Despite appearances, I am not much of a music snob. You like One Direction, Taylor Swift, Katy Perry, it’s fine by me. I enjoy pop music. I like folk music. I like basically everything except sexist rap and twangy country music. But even though I liked all different kinds of music, I still think there is a genre that is the best. Music that requires more talent, more dedication, more hard work and more insight than any other genre. Music that transcends this world and touches the soul. Music that is the closest to heaven you can get in this life. Classical music.
The fact that classical music is the most phenomenal sound out there doesn’t belittle other types of music or render them obsolete. In fact, all good music stems from classical music. But there is something so special about classical music, something I think contemporary audiences have largely forgotten. Yeah, pop songs are catchy. Yes, folk songs are poetic. But classical moves the soul in a way no other genre can. Yet most people today don’t listen to it, don’t even remember it really. In a tiny attempt to bring classical music a little of the attention it deserves, here are some composers that make up a good introduction to classical music, for both the novice and the veteran of classical music.
I’ll start with my favorite, Pyotr Ilyich Tchaikovsky. Born in Russia, Tchaikovsky became his country’s first real international success as both a composer and a conductor. He’s best known for his ballets—of which Russia had a rich history—such as Swan Lake, The Sleeping Beauty, and The Nutcracker. Because Tchaikovsky composed so much of his music for ballets and operas, his music conveys stories better than any other composer (in my opinion). Even his concertos and symphonies convey stories through emotion.
Recommendations from Tchaikovsky’s work: March Slave (Op.31), Swan Theme (No. 9 from Swan Lake), March (No. 3 from The Nutcracker)
This is obvious, but the next composer I’d recommend to anyone would be Ludwig van Beethoven. Born is Germany, Beethoven is probably the most famous composer of all time, or maybe tied with Mozart. It might be cliché to name him because even the classically illiterate know about him, but his music is so special, and sometimes that gets lost in his popularity. He is probably most famous for his Fifth and Ninth Symphonies, but all of his works convey more emotion than every all the other composers combined. While Tchaikovsky was a storyteller, Beethoven’s music is pure, raw emotion. I sometimes wonder if any musician ever felt his music more deeply than Beethoven. His deafness only adds to the beautiful drama of his works and his story.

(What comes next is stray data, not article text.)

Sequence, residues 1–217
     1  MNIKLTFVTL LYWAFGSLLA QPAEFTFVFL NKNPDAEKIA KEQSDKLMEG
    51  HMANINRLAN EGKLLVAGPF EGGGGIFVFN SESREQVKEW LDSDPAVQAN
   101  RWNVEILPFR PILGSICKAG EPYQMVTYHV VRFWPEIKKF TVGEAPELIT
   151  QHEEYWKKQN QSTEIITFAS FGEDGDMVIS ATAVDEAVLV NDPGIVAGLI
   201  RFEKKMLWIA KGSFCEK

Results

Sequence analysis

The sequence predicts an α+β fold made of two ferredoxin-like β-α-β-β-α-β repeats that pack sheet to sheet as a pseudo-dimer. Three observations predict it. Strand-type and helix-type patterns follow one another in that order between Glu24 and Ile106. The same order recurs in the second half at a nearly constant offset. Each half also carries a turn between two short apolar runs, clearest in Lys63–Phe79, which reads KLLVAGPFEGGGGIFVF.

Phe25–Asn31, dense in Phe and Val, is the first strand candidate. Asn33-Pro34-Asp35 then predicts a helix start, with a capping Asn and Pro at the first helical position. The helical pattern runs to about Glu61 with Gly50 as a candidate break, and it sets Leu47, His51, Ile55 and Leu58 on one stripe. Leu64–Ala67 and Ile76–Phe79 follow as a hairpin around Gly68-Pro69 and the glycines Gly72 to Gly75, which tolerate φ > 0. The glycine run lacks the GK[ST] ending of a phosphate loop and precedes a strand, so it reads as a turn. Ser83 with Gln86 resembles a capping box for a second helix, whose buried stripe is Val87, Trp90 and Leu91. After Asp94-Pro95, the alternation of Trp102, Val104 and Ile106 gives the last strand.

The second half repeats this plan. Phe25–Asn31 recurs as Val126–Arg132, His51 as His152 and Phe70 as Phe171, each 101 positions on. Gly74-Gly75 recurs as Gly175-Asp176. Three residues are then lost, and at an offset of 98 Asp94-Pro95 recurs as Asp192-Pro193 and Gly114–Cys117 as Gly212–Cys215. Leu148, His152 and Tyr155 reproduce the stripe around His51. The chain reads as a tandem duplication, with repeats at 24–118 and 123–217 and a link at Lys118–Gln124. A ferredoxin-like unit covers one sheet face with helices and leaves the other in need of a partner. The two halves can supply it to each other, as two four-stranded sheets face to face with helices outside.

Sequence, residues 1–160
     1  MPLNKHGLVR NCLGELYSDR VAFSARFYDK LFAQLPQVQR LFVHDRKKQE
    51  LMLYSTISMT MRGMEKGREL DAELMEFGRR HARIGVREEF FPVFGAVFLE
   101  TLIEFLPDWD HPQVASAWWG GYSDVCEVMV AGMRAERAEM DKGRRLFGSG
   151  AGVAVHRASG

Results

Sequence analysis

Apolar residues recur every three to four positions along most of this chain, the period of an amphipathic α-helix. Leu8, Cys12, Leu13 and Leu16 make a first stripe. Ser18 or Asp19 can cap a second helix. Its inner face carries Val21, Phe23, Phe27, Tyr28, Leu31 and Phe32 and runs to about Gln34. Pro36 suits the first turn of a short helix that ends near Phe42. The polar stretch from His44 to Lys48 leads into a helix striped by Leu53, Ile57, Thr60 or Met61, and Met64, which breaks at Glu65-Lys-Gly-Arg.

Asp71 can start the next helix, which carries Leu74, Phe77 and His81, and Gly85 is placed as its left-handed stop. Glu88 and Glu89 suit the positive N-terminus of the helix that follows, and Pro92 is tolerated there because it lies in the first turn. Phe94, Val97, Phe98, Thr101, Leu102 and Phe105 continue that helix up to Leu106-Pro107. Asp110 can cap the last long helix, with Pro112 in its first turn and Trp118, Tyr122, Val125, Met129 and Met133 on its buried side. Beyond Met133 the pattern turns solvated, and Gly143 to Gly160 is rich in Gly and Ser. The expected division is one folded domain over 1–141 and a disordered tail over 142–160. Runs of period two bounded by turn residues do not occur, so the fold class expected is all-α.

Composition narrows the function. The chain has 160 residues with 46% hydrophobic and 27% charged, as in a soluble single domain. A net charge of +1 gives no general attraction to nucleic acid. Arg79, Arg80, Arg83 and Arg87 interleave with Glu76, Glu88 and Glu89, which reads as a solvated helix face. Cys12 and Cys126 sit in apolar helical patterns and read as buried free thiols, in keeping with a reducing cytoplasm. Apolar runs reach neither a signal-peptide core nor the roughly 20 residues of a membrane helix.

Recommendations: Seventh Symphony (Second movement, Op.92), Piano Sonata No. 14 (Moonlight Sonata)
There are so many other composers I could go on and on about, but for the sake of time, I will only mention a few more. Italian composer Antonio Vivaldi is most famous for his Four Season violin concertos, but he wrote so much beautiful music that is worth checking out. Less well known is French composer Gabriel Faure, who wrote one of my favorite pieces: Pavane in F. Sharp Minor (though he is probably better known for composing Clair de Lune). And as a (very mediocre) pianist, I must mention Polish composer Frederic Chopin because of his amazing piano pieces like Nocturne No. 20.
The width and depth of the classical world of music is vast. There are so many amazing composers, symphonies, operas, ballets, concertos, sonatas, and so much more (all of them readily available and pretty cheap on iTunes). These are some of the composers and compositions who really got me into classical music, and I hope they can do that for you too.